US captain Hal Sutton had put his two superstars together to ensure a winning start. But what's that line about the best laid plans of mice and men...
IT was cold and autumnal in suburban Detroit at 8am yesterday. Very European and you wonder if it was a happy omen for Bernhard Langer's men. The usual whooping and hollering was going on and you didn't feel any goose bumps on the back of the neck or a tightening in the stomach.
It was as if, deep down, the Yanks feared the worst. Colin Montgomerie has spoken many times of how "you could cut the tension" as he headed for the tee for the first of the decision singles at The Belfry two years ago.
It was a far cry from that - which isn't to say the excitement and expectation weren't quite enormous.
Sutton's plan backfired almost as the quartet walked down the first fairway. Monty and Pádraig chatted and even joked. Phil and Tiger were there physically but mentally were poles apart. Their awful body language told its own meaningful story. Things would only get worse for the home pair.
Montgomerie birdied the 1st, Harrington the 198 yards 3rd with a glorious iron to less than a yard. They also birdied 2 and 4 but got no more than a half.
"That start was vital for us," said the Scot. "Pádraig and I had a meeting and decided if we could win this morning, it was almost psychologically worth more than a point to Europe, a point and a bit if you like to beat the best two American players.
"We got that flying start and didn't allow them back into it."
Actually, not entirely the case. They lost the 5th to a par, which shouldn't happen at this level, and after going two ahead again at the 6th, thanks to Monty's 30 footer for birdie, were back to one after a Mickelson birdie at 7. But the Euros remained unflustered and were duly back in front again when Harrington sank a remarkable 25-footer across a rollercoaster of a green. There were no high fives, no knuckle touching by the Euros, just a pleased nod from one to the other.
Phil and Tiger? You doubted they were on the same wavelength - or wanted to be!
Still, they were handed the short 9th when again neither Euro could make par and with only one hole in it turning for home, it should have been anyone's match.
Dr Michael Smurfit joined us and as we knelt at the 11th green he whispered: "It will be our big day in two years time. Time flies, you know."
Harrington regained the European momentum as he punched a delightful little sand wedge to four feet for a winning birdie at the 560 yards 12th. You looked and you listened but there was hardly a sound to be heard.
As Harrington noted: "It was quiet because we gave them nothing to cheer about. We were having a great time out there and it is easy when you have a partner like Colin. He showed his class. I can afford to miss a few holes and know he will be there."
This is no mutual admiration society. Harrington and Montgomerie don't settle for anything less than the best and it showed. When Pádraig's chip for birdie lipped out at the 13th, his partner called "great shot that".
The American mood darkened further when Harrington's approach to the 14th spun back to a yard. Three up and it was good night even if "Lefty" did show some little bit of spunk with a fine birdie on 16. The inevitable ensued at the short 17th and Europe had struck an enormous blow.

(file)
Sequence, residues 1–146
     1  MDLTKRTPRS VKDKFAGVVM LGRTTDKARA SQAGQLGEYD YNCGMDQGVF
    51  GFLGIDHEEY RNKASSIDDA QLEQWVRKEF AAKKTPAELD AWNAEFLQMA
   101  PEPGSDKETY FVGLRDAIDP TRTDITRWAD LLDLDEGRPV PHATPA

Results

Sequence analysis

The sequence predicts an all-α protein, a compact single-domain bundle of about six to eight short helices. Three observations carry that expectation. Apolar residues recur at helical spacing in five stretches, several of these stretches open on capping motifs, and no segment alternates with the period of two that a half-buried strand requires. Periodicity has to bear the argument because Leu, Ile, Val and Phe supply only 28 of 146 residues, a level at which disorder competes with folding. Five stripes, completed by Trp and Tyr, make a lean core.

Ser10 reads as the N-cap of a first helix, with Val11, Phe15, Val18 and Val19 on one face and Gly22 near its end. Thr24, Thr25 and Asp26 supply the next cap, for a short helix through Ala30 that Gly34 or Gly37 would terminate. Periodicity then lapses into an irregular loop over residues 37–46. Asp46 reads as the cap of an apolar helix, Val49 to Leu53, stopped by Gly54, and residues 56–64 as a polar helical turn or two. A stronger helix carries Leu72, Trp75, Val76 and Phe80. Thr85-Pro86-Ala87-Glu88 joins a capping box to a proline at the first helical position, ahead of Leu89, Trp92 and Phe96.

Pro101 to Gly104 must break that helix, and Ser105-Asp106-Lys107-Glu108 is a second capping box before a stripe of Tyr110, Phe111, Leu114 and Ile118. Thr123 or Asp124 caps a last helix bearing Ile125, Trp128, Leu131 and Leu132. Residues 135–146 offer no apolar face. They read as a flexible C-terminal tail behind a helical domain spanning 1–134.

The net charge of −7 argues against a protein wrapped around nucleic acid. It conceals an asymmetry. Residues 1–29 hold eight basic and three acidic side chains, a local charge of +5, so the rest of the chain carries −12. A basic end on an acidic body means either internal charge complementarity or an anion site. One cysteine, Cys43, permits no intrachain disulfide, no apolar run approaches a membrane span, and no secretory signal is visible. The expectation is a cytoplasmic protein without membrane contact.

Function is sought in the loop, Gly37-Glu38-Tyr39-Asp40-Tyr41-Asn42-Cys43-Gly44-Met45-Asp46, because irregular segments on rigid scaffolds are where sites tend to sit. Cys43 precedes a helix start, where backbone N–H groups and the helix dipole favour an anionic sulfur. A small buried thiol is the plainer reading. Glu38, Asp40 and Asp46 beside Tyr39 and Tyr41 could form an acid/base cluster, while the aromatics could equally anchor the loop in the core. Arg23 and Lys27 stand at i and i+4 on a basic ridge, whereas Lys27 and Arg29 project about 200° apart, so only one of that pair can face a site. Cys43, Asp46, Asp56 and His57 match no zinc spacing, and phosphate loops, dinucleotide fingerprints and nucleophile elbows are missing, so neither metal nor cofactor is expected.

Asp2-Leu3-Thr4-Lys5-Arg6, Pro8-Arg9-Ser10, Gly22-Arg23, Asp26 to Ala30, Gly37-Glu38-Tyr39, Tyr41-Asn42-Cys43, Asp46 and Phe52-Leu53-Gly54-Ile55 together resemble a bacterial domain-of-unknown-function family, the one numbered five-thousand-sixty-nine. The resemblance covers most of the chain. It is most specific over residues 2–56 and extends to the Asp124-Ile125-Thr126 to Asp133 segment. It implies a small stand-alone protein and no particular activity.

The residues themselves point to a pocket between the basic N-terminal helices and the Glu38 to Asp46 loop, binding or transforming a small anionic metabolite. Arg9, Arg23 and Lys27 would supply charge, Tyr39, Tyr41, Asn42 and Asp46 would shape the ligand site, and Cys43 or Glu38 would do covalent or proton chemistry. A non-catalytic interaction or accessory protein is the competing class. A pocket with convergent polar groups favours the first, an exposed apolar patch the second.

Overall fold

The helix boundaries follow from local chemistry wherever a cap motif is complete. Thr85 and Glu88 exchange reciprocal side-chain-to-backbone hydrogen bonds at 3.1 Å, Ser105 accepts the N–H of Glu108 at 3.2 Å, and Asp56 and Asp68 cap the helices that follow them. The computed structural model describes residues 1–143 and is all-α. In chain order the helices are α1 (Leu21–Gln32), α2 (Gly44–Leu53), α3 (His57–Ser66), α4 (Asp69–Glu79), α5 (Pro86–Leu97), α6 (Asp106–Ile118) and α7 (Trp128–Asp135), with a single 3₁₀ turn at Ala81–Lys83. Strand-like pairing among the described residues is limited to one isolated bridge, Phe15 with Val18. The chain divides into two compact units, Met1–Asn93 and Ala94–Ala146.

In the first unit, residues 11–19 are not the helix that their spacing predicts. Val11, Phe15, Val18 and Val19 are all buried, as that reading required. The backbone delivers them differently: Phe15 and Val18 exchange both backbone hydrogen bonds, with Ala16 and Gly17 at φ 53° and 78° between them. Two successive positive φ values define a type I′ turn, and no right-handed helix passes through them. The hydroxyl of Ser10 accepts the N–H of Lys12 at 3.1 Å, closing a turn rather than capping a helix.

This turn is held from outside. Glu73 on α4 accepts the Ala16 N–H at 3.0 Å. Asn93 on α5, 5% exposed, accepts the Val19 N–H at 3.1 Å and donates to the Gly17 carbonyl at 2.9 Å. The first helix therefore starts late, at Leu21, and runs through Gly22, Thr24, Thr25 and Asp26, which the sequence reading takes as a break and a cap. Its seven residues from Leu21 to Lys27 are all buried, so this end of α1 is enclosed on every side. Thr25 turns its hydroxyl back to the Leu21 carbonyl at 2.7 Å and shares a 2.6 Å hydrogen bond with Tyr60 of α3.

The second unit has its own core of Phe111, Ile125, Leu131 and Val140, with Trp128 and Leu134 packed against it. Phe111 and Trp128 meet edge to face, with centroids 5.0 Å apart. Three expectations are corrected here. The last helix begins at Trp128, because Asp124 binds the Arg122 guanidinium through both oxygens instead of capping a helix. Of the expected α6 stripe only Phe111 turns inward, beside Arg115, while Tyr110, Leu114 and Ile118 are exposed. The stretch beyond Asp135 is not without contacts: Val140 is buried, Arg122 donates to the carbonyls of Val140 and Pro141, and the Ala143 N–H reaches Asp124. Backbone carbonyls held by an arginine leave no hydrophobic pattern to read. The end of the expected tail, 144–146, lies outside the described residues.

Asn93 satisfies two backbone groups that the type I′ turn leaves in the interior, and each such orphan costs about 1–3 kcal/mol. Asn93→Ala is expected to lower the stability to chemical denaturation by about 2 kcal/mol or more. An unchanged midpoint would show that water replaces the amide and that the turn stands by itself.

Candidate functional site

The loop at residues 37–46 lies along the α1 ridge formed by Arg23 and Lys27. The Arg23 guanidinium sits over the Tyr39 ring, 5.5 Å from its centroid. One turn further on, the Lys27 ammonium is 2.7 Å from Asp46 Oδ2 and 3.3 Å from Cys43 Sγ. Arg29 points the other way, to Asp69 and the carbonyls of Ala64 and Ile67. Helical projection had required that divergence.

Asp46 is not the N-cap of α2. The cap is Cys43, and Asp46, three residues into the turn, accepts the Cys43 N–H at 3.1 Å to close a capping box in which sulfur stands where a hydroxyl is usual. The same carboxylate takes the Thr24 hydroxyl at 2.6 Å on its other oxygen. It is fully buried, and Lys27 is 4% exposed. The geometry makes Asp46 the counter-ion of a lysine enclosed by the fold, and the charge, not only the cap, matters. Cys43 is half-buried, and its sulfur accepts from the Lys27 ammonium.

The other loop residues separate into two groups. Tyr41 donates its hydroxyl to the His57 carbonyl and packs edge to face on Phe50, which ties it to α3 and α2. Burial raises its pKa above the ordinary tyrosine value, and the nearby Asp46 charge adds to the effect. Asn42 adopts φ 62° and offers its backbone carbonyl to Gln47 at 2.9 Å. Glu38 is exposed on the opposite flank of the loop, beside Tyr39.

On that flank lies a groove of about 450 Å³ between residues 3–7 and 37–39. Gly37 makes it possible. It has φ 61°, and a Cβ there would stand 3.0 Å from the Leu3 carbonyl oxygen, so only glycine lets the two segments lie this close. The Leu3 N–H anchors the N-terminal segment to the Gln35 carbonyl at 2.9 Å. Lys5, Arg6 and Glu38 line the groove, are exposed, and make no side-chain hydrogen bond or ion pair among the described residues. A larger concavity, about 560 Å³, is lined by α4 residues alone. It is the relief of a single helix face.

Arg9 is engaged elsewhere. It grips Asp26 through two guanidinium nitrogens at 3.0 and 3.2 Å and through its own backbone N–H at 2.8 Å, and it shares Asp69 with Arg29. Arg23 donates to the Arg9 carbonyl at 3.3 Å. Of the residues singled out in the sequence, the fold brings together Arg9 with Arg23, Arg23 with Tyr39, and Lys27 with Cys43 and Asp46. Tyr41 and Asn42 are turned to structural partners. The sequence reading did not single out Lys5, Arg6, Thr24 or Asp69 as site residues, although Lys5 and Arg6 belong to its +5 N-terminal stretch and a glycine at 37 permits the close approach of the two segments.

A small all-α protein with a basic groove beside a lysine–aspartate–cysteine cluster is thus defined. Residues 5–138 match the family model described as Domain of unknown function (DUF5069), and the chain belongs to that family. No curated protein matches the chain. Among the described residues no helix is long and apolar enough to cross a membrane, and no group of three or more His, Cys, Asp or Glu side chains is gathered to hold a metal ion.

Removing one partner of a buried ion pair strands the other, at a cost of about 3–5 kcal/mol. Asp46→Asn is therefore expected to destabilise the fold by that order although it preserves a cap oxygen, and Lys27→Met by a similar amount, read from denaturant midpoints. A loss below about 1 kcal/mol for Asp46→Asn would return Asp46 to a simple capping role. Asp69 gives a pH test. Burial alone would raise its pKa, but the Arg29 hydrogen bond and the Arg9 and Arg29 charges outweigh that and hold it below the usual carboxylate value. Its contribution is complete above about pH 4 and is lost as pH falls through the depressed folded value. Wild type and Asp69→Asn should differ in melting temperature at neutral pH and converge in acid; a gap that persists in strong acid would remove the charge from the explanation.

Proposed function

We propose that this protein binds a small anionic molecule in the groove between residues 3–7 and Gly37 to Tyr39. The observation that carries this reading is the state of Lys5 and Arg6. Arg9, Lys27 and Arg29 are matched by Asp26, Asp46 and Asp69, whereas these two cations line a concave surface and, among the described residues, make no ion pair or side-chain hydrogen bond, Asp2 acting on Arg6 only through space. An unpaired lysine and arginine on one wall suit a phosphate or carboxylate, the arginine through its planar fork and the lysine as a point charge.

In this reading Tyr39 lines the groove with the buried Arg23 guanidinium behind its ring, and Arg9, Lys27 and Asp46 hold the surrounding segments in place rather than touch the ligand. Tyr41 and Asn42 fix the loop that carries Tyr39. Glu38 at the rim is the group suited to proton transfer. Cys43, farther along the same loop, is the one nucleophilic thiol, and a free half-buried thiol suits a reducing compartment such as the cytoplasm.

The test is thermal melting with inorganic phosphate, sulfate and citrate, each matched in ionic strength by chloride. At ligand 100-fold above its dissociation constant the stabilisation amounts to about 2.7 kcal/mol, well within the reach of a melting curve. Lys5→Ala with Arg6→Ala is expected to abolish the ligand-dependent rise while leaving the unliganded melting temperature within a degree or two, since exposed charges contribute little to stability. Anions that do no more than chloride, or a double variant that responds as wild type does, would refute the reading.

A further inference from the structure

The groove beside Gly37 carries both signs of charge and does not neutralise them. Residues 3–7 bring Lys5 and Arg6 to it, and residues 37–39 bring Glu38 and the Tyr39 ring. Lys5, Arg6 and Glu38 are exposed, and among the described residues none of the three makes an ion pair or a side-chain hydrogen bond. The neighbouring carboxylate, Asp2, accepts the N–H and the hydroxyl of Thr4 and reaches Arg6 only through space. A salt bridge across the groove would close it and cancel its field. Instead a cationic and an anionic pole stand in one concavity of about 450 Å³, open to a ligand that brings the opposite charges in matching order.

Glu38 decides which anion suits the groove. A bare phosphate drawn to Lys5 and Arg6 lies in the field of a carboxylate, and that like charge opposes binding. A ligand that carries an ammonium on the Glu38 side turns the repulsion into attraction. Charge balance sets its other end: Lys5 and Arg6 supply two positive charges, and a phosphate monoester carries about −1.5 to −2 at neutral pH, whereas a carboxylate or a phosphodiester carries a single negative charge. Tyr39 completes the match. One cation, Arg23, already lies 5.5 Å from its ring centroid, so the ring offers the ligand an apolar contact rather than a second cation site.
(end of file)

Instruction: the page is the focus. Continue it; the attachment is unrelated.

"If you birdie the first four holes as we did, it is going to be enjoyable but I do think it was as enjoyable a first morning as you can have," smiled Harrington.
"We expected this match, we were asked to go out in it. The galleries were great, everybody was great and it was a super day. As expected, there were loud cheers for the US and respectful applause for us. I have to say that Colin and I were in a good frame of mind going out. We wanted to put two solid guys in against them, two of our big hitters let's say, and it worked.
"It felt great on the first tee. That was my third Ryder start and I went from, not being able to see the ball at Brookline to, not bad at The Belfry to, pretty good today. The only worry I had was putting the ball on the tee, everything else was pretty solid.
"We knew this was the match we would play and we knew what was expected of us. I also think the build-up we have had going into the match helped us. We definitely prepared properly and I think it showed with that perfect start."
Nobody can underestimate the personal woes of Montgomerie. It's almost as if he sees this week as a panacea for his troubles and his attitude yesterday was magnificent. I couldn't help note the way he chatted and confided in Harrington's caddy Ronan Flood time and again as if to ensure they were all in this together.
"I was proud of myself to get into the team and to be honest, I had a little lump in my throat on the first tee this morning," he related. "I hit my drive in the bunker, put a seven iron on the green and holed it. What a relief. It was great to have Pádraig as my partner. He is fabulous, really fabulous. A few people might not have put us together in the past but I thought we dovetailed beautifully. We enjoy each other's company. As for Phil and Tiger, they were more nervous because there was more pressure on them."
Phil Mickelson and Tiger Woods lost to Colin Montgomerie and Pádraig Harrington 2 and 1
Davis Love and Chad Campbell lost to Darren Clarke and Miguel Angel Jimenez 5 and 4
Chris Riley and Stewart Cink halved with Paul McGinley and Luke Donald
David Toms and Jim Furyk lost to Sergio Garcia and Lee Westwood 5 and 3
Fourballs result: United States 1/2 Europe 3 1/2
Chris DiMarco and Jay Haas bt Jimenez and Levet 3 and 2
Love and Funk lost to Montgomerie and Harrington 4 and 2
Mickelson and Woods lost to Clarke and Westwood 1 hole
Perry and Cink lost to Garcia and Donald 2 and 1
Foursomes result: United States 1 Europe 3
Match position: United States 1 1/2 Europe 6 1/2